posted by blue_beetle at 9:09 AM on January 12, 2016 [55 favorites]


What it will do is starve content producers of over $75 billion of funding for quality journalism, information, and entertainment.

Ah yes, quality journalism, like when you let the "CEO of AppNexus, the world's leading independent ad tech company" write your articles on why adblocking is bad.
posted by almostmanda at 9:11 AM on January 12, 2016 [80 favorites]


I only allow ads on a handful of sites (MetaFilter included) that I know actually check their ads

(Just want to be clear about this, we don't check our ads ourselves, there's no pre-screening of ads here. Logged-in members see ads from The Deck, who are a small organization that only works directly with a limited list of advertisers; they would be hit pretty badly if malware got in there and they have the ability to check the ads they run, so we trust them. Logged-out people see Google ads, and Google has a team of people devoted to keeping malware out of their ads.)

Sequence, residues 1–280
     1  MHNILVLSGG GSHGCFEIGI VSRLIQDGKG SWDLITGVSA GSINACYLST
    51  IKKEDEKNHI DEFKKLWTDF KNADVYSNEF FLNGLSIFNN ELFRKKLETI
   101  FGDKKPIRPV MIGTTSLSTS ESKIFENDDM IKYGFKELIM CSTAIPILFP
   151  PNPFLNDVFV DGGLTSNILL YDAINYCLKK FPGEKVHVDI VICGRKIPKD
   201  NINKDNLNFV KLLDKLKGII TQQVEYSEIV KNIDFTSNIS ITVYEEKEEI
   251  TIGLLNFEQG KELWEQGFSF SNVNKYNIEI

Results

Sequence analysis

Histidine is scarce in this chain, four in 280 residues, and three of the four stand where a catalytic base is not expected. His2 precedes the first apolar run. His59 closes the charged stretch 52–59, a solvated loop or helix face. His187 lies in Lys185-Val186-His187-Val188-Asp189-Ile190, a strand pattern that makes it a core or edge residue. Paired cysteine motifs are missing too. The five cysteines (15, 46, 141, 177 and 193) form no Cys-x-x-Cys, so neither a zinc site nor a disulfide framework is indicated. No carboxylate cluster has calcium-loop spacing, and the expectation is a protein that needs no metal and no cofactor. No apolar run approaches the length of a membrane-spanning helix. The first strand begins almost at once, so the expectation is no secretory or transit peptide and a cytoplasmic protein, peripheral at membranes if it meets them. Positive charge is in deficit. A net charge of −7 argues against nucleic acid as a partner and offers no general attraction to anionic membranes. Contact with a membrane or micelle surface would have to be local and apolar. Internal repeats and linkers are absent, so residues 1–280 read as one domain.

posted by LobsterMitten at 9:12 AM on January 12, 2016 [37 favorites]


Forbes as an entity is on the ropes. The sale to an Asian investment group fell apart a couple of months ago.

Which doesn't say a lot for their experiment in “incentive-based, entrepreneurial journalism” , where contributors were responsible for both content and selling their content with Forbes providing only the platform. They've been financial alarmists casting about for page views for a long time.
posted by readery at 9:14 AM on January 12, 2016 [5 favorites]


Advertisers care about "quality journalism" in the same way potheads care about the textile industry.

Use an ad-blocker, all of you. The internet is an unusable sewer without one.